One might inquire about the reason why the bone scan was used for the diagnosis of patients with suspected CS. Certainly, the initial idea came from the fact we used bone scan imaging in patients with ankylosing spondylitis (AS). In patients with AS, spinal fusion is started from the sacroiliac joint and lumbar spine, and the bone scan is positive due to the progression of the disease. Congenital kyphosis type II is the most important differential diagnosis of CS in clinical practice. On the other hand, serial imaging is needed for the diagnosis of patients with CS, however, some of these patients visit the clinic after the progression of the disease. Unlike CS, congenital kyphosis type II disease is a stable condition in adolescence. Also, imaging such as MRI and X-ray are often similar in congenital kyphosis type II and CS diseases. Hence, a bone scan may be useful to differentiate CS and congenital kyphosis type II disease. Further studies are needed to confirm this finding.

Then, we used thoracolumbar spine X-ray, MRI, and bone scan imaging combined with clinical history results to diagnose disease. In this study, we used a bone scan of the spine and has proven to be a clinically useful part of the investigation of patients with CS. Furthermore, a bone scan is useful in the evaluation of back pain where other imaging modalities are negative, does not correlate with the clinical outcomes, or has too many abnormalities. Increasing experience with bone scan imaging in CS patients may allow more accurate disease monitoring. There exists a potential for future evaluation with other nuclear medicine imaging modalities, to establish whether bone scan can provide prognostic information.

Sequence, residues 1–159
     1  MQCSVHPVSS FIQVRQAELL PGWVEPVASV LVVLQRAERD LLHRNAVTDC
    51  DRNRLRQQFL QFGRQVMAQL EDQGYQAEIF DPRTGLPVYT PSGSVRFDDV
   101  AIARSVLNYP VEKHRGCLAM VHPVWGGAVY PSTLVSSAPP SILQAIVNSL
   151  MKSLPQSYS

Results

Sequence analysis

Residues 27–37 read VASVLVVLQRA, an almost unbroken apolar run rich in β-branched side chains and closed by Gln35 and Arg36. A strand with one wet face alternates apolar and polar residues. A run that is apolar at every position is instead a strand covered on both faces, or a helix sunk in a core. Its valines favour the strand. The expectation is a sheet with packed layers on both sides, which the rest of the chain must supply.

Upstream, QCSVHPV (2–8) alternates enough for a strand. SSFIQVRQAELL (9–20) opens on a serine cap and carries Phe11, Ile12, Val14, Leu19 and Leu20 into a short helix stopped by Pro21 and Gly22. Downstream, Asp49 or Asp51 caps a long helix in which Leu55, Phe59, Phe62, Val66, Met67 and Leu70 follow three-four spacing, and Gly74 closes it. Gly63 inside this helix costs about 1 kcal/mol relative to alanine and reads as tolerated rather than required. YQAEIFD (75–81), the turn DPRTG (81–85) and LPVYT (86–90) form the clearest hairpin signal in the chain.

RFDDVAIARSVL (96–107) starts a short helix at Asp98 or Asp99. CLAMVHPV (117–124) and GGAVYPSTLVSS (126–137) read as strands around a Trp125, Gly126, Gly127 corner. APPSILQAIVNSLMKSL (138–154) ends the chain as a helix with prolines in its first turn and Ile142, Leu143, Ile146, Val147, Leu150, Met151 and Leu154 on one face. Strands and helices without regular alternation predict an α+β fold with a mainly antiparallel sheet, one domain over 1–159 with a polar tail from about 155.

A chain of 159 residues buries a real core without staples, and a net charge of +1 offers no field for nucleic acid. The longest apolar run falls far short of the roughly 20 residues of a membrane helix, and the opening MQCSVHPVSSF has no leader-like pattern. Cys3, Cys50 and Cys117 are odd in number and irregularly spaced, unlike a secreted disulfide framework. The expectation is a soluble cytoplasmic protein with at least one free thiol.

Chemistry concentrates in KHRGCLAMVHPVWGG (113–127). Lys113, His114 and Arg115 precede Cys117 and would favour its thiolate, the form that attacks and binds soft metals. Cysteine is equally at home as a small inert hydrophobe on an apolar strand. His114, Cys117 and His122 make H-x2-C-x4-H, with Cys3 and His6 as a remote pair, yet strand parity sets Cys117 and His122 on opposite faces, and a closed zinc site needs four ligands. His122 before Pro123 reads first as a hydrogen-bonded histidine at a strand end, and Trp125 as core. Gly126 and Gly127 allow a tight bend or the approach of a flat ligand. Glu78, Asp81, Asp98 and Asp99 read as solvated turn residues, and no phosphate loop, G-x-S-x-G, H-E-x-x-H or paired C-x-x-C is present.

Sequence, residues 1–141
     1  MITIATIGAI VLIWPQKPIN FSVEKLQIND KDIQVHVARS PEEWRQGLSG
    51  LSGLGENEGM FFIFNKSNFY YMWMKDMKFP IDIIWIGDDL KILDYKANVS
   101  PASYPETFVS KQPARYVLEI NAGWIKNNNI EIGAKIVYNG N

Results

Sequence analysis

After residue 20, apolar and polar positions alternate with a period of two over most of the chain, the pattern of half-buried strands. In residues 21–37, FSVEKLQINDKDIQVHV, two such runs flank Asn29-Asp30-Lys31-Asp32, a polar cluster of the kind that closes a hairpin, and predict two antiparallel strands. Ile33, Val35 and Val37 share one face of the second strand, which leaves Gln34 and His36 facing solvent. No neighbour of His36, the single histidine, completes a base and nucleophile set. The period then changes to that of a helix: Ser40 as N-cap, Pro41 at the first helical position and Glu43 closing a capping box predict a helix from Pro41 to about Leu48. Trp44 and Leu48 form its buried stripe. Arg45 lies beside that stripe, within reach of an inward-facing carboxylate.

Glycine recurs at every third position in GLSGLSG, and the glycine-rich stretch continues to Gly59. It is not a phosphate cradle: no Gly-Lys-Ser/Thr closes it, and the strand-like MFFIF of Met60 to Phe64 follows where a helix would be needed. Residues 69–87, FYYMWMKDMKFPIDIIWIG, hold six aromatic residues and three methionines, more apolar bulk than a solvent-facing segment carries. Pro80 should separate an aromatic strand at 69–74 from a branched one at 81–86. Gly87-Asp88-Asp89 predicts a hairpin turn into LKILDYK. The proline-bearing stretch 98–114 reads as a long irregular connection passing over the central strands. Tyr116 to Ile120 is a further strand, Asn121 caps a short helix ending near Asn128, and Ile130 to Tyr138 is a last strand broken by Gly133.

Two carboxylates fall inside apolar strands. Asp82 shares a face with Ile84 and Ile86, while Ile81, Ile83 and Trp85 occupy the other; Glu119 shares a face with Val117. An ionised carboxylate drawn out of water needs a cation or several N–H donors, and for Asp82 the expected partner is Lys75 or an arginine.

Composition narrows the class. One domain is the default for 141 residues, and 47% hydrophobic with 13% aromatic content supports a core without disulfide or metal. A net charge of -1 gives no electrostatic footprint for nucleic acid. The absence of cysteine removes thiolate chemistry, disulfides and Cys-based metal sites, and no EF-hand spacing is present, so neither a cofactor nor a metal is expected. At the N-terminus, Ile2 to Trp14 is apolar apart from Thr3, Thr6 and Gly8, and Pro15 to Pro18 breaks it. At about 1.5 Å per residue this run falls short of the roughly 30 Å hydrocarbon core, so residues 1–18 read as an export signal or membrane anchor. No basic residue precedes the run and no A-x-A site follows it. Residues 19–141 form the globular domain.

Surgery is the treatment of choice for patients with CS disease, although preoperative treatment with bracing throughout childhood may slow the progression of deformity [1, 2]. Researchers have also stated the option of treatment method based on five stages of disease progression in CS [4, 8], which is in line with our findings. To monitor treatment progression, individuals should be closely observed. Surgical procedure should only be reserved for those cases in whom severe deformity and/or progression of disease is confirmed [9]. In patients with CS, surgery was performed with a combination of anterior and posterior approach [4], or posterior approach only [10].

The main indication for PSO is large sagittal deformities especially when they are rigid [11]. PJK is a complication of surgical management of spinal deformity with a multifactorial etiology. Also reducing the osteotomy angle and extending fusion to higher levels can decrease the risk of PJK [12]. We used ponte osteotomy in two cases. Using the ponte technique for upper unfused levels after PSO can be helpful to correct the deformity, and to avoid the complications of anterior release surgery. In this study, PSO plus ponte osteotomy was applied in case 3, with most correction of deformity compared to other cases. Based on our experience, PSO is applied in the apex of the deformity for more correction, but using PSO only may increase the risk for PJK. Using ponte for upper unfused levels after PSO, improve spinal alignment and decrees the risk for PJK. Hence, combination of PSO and ponte osteotomy can result in is correct of sagittal balance compared with PSO alone, especially, in patients with severe thoracolumbar kyphosis.


Our experience suggests that PSO plus ponte osteotomy is an effective treatment that can correct deformity based on the severity of the deformity. In addition, bone scan imaging is shown to reflect well the progression of CS. Further studies are needed to evaluate the efficacy of bone scan diagnosis in these patients.

Availability of data and materials

All the data supporting our findings are contained within the manuscript.



Copenhagen syndrome


Progressive non-infectious anterior vertebral fusion


Pedicle subtraction osteotomy


Proximal junctional kyphosis


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The authors thank the staff of the Neurosurgery Unit and the Clinical Research and Development Center, Milad hospital, Tehran, Iran.


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SS, and PA, managed the patient and wrote the manuscript. TY, participated in the research and writing the manuscript. SS performed the operation. SS and PA supervised the whole project. All authors read and approved the final manuscript.

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Correspondence to Parisa Azimi.

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Safaei, S., Azimi, P. & Yazdanian, T. Clinical outcomes of surgical treatment for Copenhagen syndrome: a case series . J Med Case Reports 17, 282 (2023).